Now that a health care worker in Dallas has become the first person to contract Ebola on U.S. soil, Americans are even more concerned about the potential spread of the deadly virus within our borders. Although federal health officials have repeatedly assured the public that the U.S. is well equipped to prevent a potential Ebola outbreak, there is one shortcoming that lawmakers and voters alike are concerned about: The lack of a central authority to coordinate the national response.
The director of the Centers for Disease and Prevention (CDC), Thomas Frieden, has stepped in as the main spokesperson relaying the latest Ebola updates to the public. And, according to the White House, a homeland security adviser named Lisa Monaco has been overseeing the inter-agency response to the virus and periodically briefing the president. But the country doesn’t currently have a surgeon general, the public health leader that often serves in a leadership role during public health outbreaks.
That may be leading to some confusion. Nurses, for instance, say they haven’t been getting consistent information about what they’re supposed to do to treat a potential case of Ebola. And two-thirds of Americans say they’re worried about a widespread Ebola epidemic in this country, despite all evidence to the contrary.
“The surgeon general is America’s doctor, delivering information to the American people in a language they can understand,” former Surgeon General Regina Benjamin recently explained. “Not having one right now, you don’t have that face and that person that the American people can identify with as their doctor who’s looking out for them on a large scale.”
Some Republican lawmakers agree, and have argued that it’s not clear who exactly is supposed to lead the national effort against Ebola. “I would say, we don’t know exactly who’s in charge,” Sen. John McCain (R-AZ) said during an appearance on CNN’s State of the Union on Sunday. “There has to be some kind of czar.”
McCain’s colleagues, however, are the primary reason that the country doesn’t currently have a surgeon general. Exactly one year ago, President Obama nominated Vivek Murthy to fill that empty position, but GOP lawmakers blocked Murthy from being confirmed because he has publicly stated that gun violence represents a public health threat. Even though that’s a very common stance among medical professionals — and Murthy testified before a Senate committee to assure lawmakers that he would not use the Surgeon General’s office as a “bully pulpit” for gun control — pressure from the National Rifle Association ultimately derailed Murthy’s nomination.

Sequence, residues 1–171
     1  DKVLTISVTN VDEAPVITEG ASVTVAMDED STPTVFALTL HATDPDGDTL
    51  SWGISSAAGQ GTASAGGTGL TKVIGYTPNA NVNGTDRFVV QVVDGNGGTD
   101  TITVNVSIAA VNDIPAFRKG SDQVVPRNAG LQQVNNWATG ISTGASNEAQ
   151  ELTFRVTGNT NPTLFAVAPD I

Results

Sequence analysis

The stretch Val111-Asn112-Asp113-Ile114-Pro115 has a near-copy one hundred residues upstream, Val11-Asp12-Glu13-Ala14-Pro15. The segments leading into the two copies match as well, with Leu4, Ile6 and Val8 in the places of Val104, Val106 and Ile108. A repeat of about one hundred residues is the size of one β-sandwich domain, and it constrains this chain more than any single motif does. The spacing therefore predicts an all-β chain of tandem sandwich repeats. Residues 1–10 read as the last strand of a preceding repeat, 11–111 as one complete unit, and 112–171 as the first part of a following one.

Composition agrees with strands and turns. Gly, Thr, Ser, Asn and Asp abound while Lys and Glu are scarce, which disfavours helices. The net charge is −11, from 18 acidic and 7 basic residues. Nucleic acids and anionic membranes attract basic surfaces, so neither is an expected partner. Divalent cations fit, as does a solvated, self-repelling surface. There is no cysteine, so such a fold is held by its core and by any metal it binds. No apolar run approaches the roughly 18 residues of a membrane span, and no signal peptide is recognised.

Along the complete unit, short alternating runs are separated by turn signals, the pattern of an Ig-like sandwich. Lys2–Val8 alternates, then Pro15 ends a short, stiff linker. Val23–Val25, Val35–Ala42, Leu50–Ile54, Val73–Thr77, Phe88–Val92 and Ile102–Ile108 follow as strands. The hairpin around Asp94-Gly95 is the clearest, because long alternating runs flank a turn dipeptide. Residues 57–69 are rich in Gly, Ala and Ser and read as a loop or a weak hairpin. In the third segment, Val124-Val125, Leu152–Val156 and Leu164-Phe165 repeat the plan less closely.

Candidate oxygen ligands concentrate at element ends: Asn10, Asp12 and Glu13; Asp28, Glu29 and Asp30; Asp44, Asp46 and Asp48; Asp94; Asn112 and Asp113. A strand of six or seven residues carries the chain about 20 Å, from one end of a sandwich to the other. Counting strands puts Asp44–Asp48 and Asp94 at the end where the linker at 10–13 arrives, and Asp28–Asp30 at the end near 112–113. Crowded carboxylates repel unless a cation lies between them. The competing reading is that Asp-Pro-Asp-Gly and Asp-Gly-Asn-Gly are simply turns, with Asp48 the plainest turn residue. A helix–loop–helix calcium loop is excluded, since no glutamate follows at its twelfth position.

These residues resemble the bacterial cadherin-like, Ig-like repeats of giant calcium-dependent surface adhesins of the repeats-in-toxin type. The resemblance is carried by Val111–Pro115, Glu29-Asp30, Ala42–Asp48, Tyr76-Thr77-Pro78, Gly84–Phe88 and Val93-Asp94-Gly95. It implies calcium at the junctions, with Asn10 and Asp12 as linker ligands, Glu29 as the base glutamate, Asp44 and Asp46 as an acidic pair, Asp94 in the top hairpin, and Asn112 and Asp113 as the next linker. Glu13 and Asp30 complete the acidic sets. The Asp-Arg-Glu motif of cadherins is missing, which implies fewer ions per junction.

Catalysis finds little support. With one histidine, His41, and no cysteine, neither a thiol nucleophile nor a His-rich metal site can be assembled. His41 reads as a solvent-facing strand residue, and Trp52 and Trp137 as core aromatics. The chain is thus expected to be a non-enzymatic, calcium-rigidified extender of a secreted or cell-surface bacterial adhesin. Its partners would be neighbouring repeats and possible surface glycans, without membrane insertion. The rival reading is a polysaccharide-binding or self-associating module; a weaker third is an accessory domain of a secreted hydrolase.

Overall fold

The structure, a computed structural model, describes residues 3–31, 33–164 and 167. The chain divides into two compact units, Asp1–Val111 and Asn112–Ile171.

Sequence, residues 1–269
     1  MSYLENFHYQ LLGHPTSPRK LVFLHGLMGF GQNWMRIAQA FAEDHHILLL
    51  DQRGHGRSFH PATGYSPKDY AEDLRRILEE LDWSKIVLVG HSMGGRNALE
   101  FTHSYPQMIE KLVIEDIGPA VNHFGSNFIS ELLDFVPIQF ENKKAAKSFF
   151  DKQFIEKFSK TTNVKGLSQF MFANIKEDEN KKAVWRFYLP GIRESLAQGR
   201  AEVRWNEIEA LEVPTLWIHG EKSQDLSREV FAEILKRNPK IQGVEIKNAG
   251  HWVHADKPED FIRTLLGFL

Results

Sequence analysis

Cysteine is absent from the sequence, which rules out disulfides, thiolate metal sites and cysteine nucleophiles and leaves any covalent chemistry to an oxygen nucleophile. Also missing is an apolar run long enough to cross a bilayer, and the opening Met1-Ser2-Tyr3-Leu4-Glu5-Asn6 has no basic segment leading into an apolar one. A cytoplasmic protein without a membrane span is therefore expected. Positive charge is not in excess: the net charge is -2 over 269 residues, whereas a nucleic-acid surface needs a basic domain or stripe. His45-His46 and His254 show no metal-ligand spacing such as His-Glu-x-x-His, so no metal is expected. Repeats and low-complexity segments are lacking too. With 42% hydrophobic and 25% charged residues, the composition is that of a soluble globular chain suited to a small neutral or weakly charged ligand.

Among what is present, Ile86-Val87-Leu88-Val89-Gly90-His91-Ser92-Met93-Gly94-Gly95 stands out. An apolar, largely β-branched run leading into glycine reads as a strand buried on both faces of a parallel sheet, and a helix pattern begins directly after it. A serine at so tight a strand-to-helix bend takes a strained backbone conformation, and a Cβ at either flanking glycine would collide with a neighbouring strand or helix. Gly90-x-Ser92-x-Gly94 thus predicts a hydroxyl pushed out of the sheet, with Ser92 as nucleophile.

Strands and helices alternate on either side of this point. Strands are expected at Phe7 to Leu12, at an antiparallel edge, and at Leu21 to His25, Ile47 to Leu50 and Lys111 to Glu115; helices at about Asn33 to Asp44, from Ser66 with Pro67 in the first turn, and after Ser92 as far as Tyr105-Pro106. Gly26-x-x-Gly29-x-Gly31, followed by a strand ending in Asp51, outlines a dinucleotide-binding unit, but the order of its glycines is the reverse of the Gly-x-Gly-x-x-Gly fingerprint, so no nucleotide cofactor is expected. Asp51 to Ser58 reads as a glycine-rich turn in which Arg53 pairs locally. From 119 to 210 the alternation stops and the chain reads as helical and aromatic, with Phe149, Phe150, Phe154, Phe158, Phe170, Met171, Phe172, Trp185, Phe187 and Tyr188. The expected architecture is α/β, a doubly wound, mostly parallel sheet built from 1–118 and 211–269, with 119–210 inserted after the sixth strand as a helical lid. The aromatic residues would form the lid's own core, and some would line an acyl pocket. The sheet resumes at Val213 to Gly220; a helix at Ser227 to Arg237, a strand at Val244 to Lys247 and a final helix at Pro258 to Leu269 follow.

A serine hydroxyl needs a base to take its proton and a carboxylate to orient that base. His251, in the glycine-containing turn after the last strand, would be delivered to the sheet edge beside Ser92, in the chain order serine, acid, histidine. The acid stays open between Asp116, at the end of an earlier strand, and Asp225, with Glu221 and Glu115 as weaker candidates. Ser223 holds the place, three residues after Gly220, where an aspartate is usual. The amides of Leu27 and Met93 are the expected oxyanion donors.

In light of the recent news about Ebola, some Americans are hoping that Congress will reconsider. More than 70,000 people have signed onto an online petition urging elected officials to stand up to the NRA and confirm Murthy as the new surgeon general.
“The federal official that should be leading the charge to educate the American people and medical establishment to keep us all safe is NRA-blocked surgeon general nominee Dr. Vivek Murthy,” the petition reads. “It is more important than ever that we have a level-headed surgeon general in place who can calmly communicate with the American people.”
A recent MSNBC op-ed penned by anchor Krystal Ball and producer Anne Thompson makes a similar argument, pointing out that former U.S. Surgeon Generals have fulfilled that role during previous public health outbreaks. “When faced with the threat of bird-flu for example, the surgeon general at the time, Richard Carmona, talked to the public about prevention, pressured drug makers to ramp up production of effective treatments. He also educated us on risks associated with the disease and kept us updated on its status,” they write.
Murthy’s confirmation perhaps wouldn’t make Republicans feel any safer, however. Previous polling has found that public confidence about the government’s ability to prevent an Ebola outbreak is divided along party lines. And although several GOP leaders have pressured Obama to appoint a public health expert to oversee the nation’s response to Ebola, they’ve put forth a list of suggestions of people who all served in the George W. Bush administration.
Note: Vivek Murthy founded Doctors for America, which is a project of the Center for American Progress. CAP’s sister organization, the Center for American Progress Action Fund, houses ThinkProgress.